States see $31B of taxes disappear due to COVID recession

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U.S. states saw their tax revenue drop by about $31 billion, or 6 percent, from March through August, compared to the same period a year earlier, as the pandemic triggered economic shutdowns across the country, according to data from 44 states compiled by the Urban Institute.

The scale of the drop appears smaller than expected, relative to the depth of the economic contraction, and comes after several states have reported that their revenue didn’t decline as much as anticipated despite business shutdowns and increased unemployment. In August, when much of the country was reopening, state revenue climbed about 1.1 percent from a year earlier, the Urban Institute found.

The tax figures come as Republicans in Washington balk at extending aid to states and cities to help cover budget deficits that are expected to continue as the coronavirus weighs on the economy. Experts say that states’ financial outlooks could worsen as the effects of the stimulus bill fade and high unemployment reduces tax bills next year.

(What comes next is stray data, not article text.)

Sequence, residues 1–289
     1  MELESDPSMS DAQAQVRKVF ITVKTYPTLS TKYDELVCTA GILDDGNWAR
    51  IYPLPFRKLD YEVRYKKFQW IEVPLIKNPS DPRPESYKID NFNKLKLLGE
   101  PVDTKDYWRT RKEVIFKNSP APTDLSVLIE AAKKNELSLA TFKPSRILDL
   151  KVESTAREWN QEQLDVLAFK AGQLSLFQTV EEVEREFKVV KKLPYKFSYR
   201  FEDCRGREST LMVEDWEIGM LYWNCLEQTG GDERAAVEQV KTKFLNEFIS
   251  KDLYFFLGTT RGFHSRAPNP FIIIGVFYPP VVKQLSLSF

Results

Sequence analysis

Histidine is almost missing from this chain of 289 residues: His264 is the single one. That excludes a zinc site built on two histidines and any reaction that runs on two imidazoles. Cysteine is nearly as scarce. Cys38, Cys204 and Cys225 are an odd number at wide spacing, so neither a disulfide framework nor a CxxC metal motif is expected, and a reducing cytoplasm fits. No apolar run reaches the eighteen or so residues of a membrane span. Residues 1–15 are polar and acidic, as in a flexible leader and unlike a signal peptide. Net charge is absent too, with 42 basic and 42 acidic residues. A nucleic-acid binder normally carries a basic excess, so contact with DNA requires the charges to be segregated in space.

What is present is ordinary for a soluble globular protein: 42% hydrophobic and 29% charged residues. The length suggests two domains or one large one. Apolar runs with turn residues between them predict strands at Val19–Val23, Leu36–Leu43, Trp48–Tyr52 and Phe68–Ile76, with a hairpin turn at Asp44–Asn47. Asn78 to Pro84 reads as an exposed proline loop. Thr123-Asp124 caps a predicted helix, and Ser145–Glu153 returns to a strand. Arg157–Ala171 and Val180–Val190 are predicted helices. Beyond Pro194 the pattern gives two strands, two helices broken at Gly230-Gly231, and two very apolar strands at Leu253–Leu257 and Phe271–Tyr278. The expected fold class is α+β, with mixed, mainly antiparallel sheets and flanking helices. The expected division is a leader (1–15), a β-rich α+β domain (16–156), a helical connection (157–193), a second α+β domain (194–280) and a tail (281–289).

A boarded up Isabel Marant store closed in the SoHo neighborhood of New York.

The August increase should be viewed with caution since income-tax deadlines were pushed back to July, which could have resulted in some revenue being processed later, according to Lucy Dadayan, senior research associate with the Urban-Brookings Tax Policy Center at the Urban Institute. Personal income-tax collections, which rose 3.8 percent in August, were in some cases supported by backlogged unemployment insurance benefits subject to withholding tax, Dadayan said.

Between March and August, tax revenues fell 6.4 percent year over year, with 36 states reporting declines over that period, the report said. Between March and August, eight states, including Washington and Georgia, reported growth in tax revenue.

“Due to the shifting in timing of tax receipts this past year, it is crucial to view August year-over-year revenue gains and fiscal year to date data with caution,” Dadayan said in the report.

Bloomberg News
State tax revenues State taxes Coronavirus Tax research Urban Institute